When we think of anxiety disorders, we tend to think of someone who feels nervous, worries excessively and is restless.
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But what if on the outside that person comes across as confident, outgoing and organized? They don’t have any anxiety, right?
That’s not necessarily the case. They might have high-functioning anxiety, an undiagnosable anxiety condition.
“The term high functioning anxiety describes an individual who, despite feeling anxious, seems able to effectively manage the demands of day-to-day life,” says psychologist Adam Borland, PsyD.
Sound like you or someone you know?
Dr. Borland explains what signs to look for and the pros and cons of having high-functioning anxiety.
What is high-functioning anxiety?
According to the National Alliance on Mental Illness, more than 40 million adults in the United States have an anxiety disorder.
You may feel fear and dread when in certain situations to the point where it makes it hard for you to function. You may overreact at times. Physically, you can become sweaty or have a pounding heart.
But how does high-functioning anxiety differ from general anxiety disorder (GAD)?
“The primary difference is how an individual responds to anxiety,” says Dr. Borland. “With generalized anxiety, we tend to think of the fight or flight response.”
An individual who experiences GAD might try to remove themself from an anxiety-provoking situation.
“With high functioning anxiety, there tends to be more of a fight response, where an individual pushes themself to work harder in order to combat the anxiety,” says Dr. Borland.
What are the signs of high-functioning anxiety?
Those with high-functioning anxiety may demonstrate the following traits:
- High achiever.
- Highly organized.
- Detail oriented.
- Outgoing personality.
“An individual with high-functioning anxiety may appear calm on the outside but feel very anxious internally,” explains Dr. Borland. “These individuals may try to mask their symptoms by taking control of the situation.”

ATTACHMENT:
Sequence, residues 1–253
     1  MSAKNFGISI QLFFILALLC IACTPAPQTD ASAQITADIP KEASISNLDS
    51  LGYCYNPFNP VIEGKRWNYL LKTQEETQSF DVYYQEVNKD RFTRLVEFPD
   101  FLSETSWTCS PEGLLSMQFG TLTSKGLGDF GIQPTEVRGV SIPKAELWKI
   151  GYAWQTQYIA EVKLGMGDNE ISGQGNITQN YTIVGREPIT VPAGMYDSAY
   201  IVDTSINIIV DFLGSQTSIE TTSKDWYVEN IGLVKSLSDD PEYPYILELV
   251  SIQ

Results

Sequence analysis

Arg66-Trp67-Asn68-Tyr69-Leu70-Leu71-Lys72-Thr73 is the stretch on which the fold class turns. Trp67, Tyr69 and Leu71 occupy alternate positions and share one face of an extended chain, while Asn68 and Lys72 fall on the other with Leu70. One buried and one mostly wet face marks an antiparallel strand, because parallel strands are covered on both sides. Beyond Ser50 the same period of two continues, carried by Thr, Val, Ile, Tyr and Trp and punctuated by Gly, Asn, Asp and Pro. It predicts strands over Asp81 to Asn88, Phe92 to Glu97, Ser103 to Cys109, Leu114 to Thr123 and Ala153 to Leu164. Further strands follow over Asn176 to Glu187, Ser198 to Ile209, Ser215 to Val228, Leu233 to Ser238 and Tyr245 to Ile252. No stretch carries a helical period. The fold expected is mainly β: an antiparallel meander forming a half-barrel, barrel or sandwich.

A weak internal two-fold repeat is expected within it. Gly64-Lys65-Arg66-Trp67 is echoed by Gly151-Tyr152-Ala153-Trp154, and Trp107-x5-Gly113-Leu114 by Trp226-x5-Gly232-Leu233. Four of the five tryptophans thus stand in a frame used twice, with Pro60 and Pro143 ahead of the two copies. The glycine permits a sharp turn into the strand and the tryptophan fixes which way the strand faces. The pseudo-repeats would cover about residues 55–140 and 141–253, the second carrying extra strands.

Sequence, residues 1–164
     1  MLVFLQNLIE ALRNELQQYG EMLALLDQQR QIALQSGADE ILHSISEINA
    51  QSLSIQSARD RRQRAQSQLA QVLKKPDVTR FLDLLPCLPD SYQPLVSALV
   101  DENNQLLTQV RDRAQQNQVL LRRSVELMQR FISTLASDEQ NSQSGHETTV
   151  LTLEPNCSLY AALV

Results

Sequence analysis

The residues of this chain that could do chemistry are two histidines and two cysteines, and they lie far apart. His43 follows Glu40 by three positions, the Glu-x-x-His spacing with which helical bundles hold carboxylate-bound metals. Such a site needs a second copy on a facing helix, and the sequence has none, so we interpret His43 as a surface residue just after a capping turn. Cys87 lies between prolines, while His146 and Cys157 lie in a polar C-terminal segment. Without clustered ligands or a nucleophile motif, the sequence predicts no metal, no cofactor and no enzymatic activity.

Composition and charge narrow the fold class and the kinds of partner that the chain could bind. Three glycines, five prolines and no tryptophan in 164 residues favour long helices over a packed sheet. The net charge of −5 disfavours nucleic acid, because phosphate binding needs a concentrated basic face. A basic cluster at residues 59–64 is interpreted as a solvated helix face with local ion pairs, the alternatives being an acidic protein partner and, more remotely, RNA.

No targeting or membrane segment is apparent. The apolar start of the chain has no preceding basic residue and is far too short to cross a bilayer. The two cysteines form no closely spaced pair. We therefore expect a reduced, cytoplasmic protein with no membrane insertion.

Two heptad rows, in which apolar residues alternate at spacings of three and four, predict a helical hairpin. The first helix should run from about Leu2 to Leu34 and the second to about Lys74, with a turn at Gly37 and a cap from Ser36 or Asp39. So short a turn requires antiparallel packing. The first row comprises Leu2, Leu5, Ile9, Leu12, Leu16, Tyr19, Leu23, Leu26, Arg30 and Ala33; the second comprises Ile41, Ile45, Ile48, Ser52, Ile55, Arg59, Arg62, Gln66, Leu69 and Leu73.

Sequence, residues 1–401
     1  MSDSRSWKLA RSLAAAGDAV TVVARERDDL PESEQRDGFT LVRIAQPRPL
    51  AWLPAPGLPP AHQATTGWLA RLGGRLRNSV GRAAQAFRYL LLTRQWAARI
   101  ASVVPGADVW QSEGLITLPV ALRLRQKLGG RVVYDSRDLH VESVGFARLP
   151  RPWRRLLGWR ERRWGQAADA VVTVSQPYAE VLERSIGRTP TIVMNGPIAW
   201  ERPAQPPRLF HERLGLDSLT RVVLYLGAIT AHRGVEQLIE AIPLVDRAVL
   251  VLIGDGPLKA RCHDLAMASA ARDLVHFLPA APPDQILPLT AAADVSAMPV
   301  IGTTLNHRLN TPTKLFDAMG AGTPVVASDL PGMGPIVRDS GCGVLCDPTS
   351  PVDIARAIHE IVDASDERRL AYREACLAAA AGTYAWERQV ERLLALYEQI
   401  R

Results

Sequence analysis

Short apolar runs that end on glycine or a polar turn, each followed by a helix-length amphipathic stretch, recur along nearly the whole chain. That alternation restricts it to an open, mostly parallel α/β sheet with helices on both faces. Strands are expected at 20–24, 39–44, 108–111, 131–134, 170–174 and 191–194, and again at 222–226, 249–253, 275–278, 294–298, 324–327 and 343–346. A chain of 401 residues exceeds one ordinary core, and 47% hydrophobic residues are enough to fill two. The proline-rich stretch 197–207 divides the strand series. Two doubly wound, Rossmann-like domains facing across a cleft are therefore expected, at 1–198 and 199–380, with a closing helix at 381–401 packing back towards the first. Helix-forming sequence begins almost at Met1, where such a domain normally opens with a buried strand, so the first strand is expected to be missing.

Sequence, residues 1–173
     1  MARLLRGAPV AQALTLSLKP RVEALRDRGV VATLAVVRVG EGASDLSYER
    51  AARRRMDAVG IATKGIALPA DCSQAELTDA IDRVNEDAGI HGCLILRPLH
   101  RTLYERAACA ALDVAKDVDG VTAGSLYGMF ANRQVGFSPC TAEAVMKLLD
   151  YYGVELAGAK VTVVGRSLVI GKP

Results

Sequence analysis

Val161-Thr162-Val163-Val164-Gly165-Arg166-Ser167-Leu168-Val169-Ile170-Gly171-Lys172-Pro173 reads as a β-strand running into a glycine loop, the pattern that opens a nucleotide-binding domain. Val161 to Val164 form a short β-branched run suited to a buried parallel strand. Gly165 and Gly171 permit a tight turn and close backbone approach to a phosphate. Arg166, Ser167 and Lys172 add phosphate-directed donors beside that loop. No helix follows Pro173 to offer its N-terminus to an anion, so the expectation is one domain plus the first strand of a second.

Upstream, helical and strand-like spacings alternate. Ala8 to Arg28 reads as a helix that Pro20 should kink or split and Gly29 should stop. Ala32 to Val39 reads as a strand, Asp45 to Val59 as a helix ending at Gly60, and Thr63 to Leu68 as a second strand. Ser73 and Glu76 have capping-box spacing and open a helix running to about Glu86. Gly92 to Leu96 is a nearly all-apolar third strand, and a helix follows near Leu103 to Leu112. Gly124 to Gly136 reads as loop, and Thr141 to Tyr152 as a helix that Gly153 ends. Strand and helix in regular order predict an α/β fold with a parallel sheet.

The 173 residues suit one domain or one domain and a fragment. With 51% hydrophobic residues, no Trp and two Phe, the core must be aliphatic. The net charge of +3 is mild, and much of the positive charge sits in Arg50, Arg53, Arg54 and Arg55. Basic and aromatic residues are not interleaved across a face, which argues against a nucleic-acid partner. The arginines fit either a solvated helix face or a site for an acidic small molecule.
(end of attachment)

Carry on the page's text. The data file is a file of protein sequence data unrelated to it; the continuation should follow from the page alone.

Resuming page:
Causes of high-functioning anxiety
While high-functioning anxiety can’t be diagnosed, certain factors may contribute:
- Family history of others who have an anxiety disorder.
- Negative or stressful life events or experiences.
- Certain medical conditions like thyroid issues.
Pros and cons of having high-functioning anxiety
People with high-functioning anxiety tend to be highly organized, meet deadlines and troubleshoot problems. All of which can be positive traits on the surface.
But on the flip side, you may feel shame and embarrassed to let your guard down for fear you’ll seem weak.
“Individuals with high functioning anxiety tend to do a good job at hiding their symptoms from others,” says Dr. Borland.
You also tend to strive for perfectionism to a fault, are an overthinker and often need reassurance from others.
“People with high-functioning anxiety tend to have difficulty with assertiveness and the ability to say ‘no,’” says Dr. Borland. “They tend to dwell on negative thoughts, worst-case scenario thinking.”
How to treat high-functioning anxiety
If you have high-functioning anxiety, there are treatments available:
- Cognitive behavioral therapy (CBT). “We use CBT to assess the connection between the thoughts and the behaviors,” says Dr. Borland.
- Solutions-focused brief therapy (SFBT). “What kind of coping tools do you already have?” asks Dr. Borland. “Sometimes, people overlook tools that they already have that can be effective.”
- Deep-breathing exercises. “The nice thing is that our bodies naturally respond to these exercises,” says Dr. Borland. “And our bodies naturally calm themselves when the parasympathetic nervous system is activated.”
- Medication. Your doctor will work with you to find the right kind of medication, like selective serotonin reuptake inhibitors (SSRIs).
“It’s always important to monitor work-life balance,” says Dr. Borland. “An individual with high-functioning anxiety can get so focused on success that their work-life balance suffers.”
Dr. Borland says focusing on self-care, exercise, diet and your social life are all things that can help keep anxiety in check, too.
“Don’t be afraid to say ‘no,’” Dr. Borland reiterates. “It’s not a sign of weakness or sign of failure.”
When to ask for help
There’s no standard answer for when someone should seek help, says Dr. Borland. It’s different based on everyone. And it can be especially hard for those with high-functioning anxiety to feel like they can ask for help.
“Someone with high-functioning anxiety may view mental health treatment as a sign of weakness or failure,” says Dr. Borland.
But if you’re having difficulty sleeping, experiencing a loss of appetite or finding it hard to manage day-to-day tasks, it’s time to speak with your doctor.
“Acceptance is important when dealing with any kind of anxiety disorder,” says Dr. Borland. “Don’t be afraid to take steps towards asking for help and receiving help.”